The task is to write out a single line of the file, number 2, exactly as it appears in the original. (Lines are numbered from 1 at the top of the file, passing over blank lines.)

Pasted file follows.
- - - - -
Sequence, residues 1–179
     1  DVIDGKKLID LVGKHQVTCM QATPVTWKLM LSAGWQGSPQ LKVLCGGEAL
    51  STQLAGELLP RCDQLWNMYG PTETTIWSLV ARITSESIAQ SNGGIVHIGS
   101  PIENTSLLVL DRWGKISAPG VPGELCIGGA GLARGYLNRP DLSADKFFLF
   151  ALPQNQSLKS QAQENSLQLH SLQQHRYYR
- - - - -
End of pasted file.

     1  DVIDGKKLID LVGKHQVTCM QATPVTWKLM LSAGWQGSPQ LKVLCGGEAL